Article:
Candidates for Congress in District 3 each say the immigration system is broken.
In a raucous debate Tuesday with cheering and jeering from the audience, they argued about their ideas for fixing it.
Democrat Raúl Grijalva, Republican Gabriela Saucedo Mercer and Libertarian Blanca Guerra answered a pair of immigration questions from Arizona Public Media and the League of Women Voters.
"I am completely in favor of legal immigration, as an immigrant myself," Saucedo Mercer said. "We are a sovereign country with laws and regulations and everybody should come to this country the right way - the same way that I came."
She said Grijalva has done nothing to solve the problem.
Grijalva said it's not for lack of trying. He has co-sponsored bills on comprehensive immigration reform and the DREAM Act for the last eight years, he said.
"The greatest security step we can take right now is to know who's here, have a process for earned legalization and in that process unify families," he said.
Guerra also supports a path to legalization, but one that involves illegal immigrants paying fines to the government instead of paying smugglers, she said. She also wants the government to make better use of technology in border security.
While Grijalva said the DREAM Act, allowing those brought here as children to stay if conditions are met, would be a good first step toward immigration reform, Saucedo Mercer said it's "just a political ploy to win votes."
Congress showed "a dereliction of duty when President Obama circumvented Congress and went around us, the people, and declared that he was going to give amnesty," she said.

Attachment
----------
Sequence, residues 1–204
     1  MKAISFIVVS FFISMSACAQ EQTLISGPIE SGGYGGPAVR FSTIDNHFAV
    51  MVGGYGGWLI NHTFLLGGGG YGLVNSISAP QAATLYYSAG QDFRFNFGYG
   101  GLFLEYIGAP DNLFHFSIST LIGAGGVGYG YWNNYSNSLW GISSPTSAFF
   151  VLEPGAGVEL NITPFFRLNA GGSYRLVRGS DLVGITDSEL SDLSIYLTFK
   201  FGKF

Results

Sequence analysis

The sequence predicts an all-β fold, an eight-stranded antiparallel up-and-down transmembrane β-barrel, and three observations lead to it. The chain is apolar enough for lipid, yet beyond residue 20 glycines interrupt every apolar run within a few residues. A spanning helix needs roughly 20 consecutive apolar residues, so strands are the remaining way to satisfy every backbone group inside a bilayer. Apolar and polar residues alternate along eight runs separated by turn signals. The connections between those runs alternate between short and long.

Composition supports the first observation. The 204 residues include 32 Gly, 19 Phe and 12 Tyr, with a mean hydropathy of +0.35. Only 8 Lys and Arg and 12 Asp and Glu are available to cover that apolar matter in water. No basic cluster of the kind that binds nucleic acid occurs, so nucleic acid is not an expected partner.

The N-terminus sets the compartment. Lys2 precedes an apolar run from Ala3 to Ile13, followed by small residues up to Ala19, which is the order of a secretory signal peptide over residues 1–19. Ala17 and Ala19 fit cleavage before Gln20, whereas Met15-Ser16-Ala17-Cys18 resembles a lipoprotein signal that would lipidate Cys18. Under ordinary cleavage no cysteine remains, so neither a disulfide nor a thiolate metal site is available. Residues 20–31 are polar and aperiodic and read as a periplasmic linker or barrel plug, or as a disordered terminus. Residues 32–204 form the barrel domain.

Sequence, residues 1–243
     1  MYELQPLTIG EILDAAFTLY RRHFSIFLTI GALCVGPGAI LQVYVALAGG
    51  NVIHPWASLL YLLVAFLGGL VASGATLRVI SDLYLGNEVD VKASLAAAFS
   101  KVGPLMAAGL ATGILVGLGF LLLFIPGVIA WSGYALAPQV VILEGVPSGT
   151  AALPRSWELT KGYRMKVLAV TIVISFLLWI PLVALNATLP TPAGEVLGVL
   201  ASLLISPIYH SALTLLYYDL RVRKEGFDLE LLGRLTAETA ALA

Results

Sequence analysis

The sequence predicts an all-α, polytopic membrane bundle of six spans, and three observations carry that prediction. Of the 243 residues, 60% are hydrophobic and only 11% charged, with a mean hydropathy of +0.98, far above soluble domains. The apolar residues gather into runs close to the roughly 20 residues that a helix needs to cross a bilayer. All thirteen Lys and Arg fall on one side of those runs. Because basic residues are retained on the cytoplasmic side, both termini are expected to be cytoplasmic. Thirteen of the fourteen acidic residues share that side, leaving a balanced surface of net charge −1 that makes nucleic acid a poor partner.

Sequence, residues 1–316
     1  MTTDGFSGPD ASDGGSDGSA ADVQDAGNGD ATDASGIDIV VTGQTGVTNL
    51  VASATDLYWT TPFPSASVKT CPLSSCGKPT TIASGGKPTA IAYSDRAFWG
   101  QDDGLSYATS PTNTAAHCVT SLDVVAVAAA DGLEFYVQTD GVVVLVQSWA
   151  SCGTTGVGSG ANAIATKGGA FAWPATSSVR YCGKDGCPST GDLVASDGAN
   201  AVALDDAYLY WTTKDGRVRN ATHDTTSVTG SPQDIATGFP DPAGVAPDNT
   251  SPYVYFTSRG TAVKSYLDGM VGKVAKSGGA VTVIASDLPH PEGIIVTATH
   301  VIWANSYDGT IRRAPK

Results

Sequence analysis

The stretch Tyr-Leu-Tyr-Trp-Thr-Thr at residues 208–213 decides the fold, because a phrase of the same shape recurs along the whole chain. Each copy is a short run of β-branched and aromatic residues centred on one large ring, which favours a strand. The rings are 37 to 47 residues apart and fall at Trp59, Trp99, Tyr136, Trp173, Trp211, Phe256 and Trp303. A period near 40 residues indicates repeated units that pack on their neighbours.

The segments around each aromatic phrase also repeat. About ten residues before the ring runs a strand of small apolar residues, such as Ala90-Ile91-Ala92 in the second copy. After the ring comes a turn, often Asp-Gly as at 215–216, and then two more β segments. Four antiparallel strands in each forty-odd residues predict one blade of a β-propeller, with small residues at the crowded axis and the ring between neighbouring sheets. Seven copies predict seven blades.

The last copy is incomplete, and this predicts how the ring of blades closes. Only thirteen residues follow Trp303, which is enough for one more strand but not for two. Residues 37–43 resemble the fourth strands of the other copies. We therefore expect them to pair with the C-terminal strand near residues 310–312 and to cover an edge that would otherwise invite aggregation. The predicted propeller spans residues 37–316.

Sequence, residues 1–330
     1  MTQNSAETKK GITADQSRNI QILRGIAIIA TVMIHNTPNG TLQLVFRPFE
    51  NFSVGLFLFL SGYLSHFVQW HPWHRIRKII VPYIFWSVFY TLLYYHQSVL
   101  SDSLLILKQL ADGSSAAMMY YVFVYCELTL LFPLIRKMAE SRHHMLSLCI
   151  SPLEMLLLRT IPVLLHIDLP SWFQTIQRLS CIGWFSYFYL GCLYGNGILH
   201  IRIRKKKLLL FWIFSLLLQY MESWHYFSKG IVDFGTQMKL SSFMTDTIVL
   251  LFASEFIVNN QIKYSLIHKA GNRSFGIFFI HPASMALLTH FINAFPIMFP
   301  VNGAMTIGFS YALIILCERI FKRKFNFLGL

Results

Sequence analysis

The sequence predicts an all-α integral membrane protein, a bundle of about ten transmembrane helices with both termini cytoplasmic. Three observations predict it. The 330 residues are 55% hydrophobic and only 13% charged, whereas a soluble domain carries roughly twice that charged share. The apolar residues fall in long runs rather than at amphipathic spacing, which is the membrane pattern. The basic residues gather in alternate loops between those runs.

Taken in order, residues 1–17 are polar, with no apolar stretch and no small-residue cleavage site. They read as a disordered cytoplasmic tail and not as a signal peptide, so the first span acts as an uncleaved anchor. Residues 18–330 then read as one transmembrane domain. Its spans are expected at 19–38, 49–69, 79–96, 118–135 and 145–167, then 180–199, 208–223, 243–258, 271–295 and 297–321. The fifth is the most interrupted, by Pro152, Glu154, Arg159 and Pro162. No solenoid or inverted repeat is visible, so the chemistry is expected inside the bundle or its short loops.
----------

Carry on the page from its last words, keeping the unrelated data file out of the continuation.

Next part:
Saucedo Mercer said the nation can't reform the immigration system without first securing the border. She pointed to the double-layer fence in San Diego as a success story.
"Securing the border is not about keeping the poor illegal alien from coming here looking for a job," she said. "Border security is national security issues, which we are not addressing. We have trans-national criminals coming across the border and nobody's addressing that."
"Mr. Grijalva is always busy declaring wilderness areas that only serve as sanctuaries for the drug cartels and trans-national criminals," she continued.
Grijalva responded that the border problems can't be solved with "platitudes and with rhetoric."
He said a targeted approach to fighting organized crime on the border should accompany reform.
"One of the things we can't do on the border is to create the hysteria that we can't do anything about it unless we build a seven-layer fence," Grijalva said.
Election guide coming Sunday
Early voting begins today and the Star's guide to candidates and propositions is coming Sunday.
Contact reporter Becky Pallack at firstname.lastname@example.org or 573-4346. On Twitter @BeckyPallack.